E-cig Research Shows Damage to DNA

Product liability e-cigarettes

 E-cig vapor exposure could lead to cancer

The battle lines are being drawn in the ongoing argument over the safety of e-cigarettes. Proponents of e-cigs tout them as a safe alternative to smoking and tool in weaning smokers off traditional cigarettes But results from a recent study just added more weight to those who insist e-cigs pose a health risk.

While the results won’t make a final determination regarding overall safety, they do show that DNA damage to cell cultures is caused by substantial exposure to e-cig vapor, including nicotine-free vapor. The damage to the cells could be the precursor to cancer. More research is necessary to determine whether the exposure actually has the same effect in humans and the level of exposure at which the vapor begins to inflict damage.

E-cigs liabilityLab-grown cells don’t always respond the same as cells in living people, which the researchers admit is one limitation of the study. Testing is currently being conducted on animals, the results of which would offer more insight into what might be expected from exposure to human cells. The study was conducted by the University of California San Diego and the VA San Diego Healthcare System and published in Oral Oncology.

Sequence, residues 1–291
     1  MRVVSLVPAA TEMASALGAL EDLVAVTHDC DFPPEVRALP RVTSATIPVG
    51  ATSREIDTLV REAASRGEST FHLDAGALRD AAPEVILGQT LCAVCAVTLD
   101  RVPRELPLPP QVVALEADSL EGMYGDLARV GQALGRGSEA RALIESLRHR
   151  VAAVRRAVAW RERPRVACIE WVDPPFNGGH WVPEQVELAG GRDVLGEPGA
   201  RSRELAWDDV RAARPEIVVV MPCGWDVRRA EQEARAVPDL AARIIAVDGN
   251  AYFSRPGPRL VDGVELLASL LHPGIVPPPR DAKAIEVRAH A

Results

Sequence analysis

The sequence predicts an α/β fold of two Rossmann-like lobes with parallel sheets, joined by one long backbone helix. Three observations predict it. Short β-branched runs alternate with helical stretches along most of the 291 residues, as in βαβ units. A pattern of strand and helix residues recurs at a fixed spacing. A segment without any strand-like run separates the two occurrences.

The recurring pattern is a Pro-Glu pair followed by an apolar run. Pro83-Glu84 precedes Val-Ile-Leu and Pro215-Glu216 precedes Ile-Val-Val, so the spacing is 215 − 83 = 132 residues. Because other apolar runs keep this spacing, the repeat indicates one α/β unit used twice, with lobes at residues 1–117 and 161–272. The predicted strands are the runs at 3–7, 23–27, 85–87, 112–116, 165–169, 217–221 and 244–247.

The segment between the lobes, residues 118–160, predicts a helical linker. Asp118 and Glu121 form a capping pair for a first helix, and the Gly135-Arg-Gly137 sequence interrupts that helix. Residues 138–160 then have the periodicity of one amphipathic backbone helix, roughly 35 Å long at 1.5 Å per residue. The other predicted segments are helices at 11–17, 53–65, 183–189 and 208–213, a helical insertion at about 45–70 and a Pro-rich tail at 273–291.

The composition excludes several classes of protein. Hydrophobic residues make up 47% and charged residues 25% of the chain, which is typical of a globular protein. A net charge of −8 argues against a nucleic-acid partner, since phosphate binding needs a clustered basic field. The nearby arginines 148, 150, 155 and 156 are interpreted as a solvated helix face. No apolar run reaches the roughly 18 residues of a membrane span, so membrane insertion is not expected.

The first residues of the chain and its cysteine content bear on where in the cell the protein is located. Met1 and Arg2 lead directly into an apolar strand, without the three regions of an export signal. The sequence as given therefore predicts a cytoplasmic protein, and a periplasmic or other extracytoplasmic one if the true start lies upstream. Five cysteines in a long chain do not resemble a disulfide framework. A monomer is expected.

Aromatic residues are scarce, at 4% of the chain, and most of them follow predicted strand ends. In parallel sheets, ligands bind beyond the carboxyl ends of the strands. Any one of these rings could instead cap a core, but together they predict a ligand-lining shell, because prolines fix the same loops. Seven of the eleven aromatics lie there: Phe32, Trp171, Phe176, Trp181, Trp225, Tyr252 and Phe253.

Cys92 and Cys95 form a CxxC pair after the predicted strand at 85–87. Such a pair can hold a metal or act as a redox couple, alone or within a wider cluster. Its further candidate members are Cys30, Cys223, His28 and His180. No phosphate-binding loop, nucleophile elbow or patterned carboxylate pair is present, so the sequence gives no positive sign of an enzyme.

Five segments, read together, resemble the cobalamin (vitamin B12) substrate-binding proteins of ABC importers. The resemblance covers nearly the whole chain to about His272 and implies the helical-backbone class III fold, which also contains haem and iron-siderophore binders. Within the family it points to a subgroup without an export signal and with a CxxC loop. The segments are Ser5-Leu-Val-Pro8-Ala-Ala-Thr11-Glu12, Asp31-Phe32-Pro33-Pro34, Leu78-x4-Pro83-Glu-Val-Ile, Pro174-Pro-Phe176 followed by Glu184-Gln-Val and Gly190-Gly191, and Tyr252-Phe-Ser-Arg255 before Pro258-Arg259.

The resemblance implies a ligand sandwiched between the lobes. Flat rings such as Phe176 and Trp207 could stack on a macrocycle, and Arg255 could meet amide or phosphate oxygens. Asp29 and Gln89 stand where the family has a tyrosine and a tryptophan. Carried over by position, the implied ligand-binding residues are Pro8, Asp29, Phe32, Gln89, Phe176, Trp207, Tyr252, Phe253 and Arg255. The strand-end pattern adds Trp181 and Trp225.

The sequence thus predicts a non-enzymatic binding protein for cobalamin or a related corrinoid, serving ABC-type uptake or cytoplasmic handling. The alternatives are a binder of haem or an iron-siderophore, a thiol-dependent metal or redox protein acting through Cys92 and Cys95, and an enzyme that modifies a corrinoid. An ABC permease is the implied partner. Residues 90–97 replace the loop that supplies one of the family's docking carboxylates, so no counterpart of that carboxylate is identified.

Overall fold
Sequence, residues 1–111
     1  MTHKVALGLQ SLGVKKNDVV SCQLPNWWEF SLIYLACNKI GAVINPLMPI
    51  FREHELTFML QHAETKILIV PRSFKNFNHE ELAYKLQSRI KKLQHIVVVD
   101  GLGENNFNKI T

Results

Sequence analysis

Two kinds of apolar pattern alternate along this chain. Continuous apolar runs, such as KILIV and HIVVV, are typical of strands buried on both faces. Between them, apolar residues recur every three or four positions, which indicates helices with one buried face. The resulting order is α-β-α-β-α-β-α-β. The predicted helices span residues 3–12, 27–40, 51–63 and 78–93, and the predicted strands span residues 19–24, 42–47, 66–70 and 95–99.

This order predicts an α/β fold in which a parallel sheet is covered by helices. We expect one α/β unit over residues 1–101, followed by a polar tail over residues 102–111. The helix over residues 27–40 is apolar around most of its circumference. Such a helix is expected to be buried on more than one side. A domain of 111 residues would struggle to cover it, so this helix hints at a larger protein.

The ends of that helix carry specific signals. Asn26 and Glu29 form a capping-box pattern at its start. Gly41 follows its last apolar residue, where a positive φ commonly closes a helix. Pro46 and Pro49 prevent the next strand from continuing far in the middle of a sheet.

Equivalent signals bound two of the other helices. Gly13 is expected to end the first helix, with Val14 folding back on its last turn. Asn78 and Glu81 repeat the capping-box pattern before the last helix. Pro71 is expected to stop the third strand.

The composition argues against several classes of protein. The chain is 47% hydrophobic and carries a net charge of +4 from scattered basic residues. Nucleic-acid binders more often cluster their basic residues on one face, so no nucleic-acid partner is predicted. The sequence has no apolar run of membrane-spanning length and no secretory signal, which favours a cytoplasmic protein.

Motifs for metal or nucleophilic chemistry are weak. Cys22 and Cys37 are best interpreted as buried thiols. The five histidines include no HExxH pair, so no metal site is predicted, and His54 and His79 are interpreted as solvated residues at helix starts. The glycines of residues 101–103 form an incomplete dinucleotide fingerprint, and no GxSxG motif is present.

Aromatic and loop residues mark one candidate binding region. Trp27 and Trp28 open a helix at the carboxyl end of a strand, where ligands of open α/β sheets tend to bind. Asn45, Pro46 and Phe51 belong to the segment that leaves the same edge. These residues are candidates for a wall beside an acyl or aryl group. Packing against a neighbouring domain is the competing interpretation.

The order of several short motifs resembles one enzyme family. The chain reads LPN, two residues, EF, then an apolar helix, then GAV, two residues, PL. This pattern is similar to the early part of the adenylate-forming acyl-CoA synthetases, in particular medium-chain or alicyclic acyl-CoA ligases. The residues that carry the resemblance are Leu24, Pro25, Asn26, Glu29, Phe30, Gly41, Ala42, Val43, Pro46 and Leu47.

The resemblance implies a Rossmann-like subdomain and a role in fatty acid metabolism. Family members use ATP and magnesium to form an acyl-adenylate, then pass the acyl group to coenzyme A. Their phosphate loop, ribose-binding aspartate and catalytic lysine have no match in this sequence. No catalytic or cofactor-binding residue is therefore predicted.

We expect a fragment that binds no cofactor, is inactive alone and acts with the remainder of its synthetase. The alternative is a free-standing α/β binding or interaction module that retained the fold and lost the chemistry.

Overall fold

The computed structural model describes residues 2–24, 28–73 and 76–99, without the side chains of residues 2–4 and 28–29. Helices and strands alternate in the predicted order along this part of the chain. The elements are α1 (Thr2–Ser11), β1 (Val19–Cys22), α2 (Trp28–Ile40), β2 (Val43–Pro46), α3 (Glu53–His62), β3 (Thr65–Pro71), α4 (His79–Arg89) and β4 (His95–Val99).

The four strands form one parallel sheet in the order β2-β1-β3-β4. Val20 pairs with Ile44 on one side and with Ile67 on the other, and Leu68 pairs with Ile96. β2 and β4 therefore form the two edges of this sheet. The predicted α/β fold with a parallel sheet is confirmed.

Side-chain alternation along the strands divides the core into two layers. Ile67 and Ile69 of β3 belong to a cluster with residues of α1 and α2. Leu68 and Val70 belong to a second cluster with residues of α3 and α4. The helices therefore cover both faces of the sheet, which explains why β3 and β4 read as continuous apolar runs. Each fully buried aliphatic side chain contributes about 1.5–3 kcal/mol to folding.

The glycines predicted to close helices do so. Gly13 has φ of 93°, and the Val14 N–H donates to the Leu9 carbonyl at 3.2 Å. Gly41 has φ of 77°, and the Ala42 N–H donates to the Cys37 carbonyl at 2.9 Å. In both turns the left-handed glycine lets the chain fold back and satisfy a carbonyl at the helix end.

The other health risks associated with e-cigs

Of course, the bigger question as to whether e-cigs are as unhealthy as tradition cigarettes is yet to be answered. But cigarette smoke extract kills cells more rapidly and at a lower concentration than e-cig vapor, according to Laura Crotty Alexander, one of the researchers from UC San Diego.

Anti-vaping groups are also critical of the massive and lightly-regulated market for e-liquids. These products can include various levels of nicotine and flavoring agents that are raising questions regarding toxicity and the effects on the pulmonary system.

If vaping proves to be harmful, but less harmful than smoking, then exchanging traditional cigarettes for e-cigs is a healthier choice. But non-smokers should probably not begin vaping.

Source: Bradley J. Fikes, “E-cigs damage DNA in lab study.” sandiegouniontribune.com Dec. 31, 2015.
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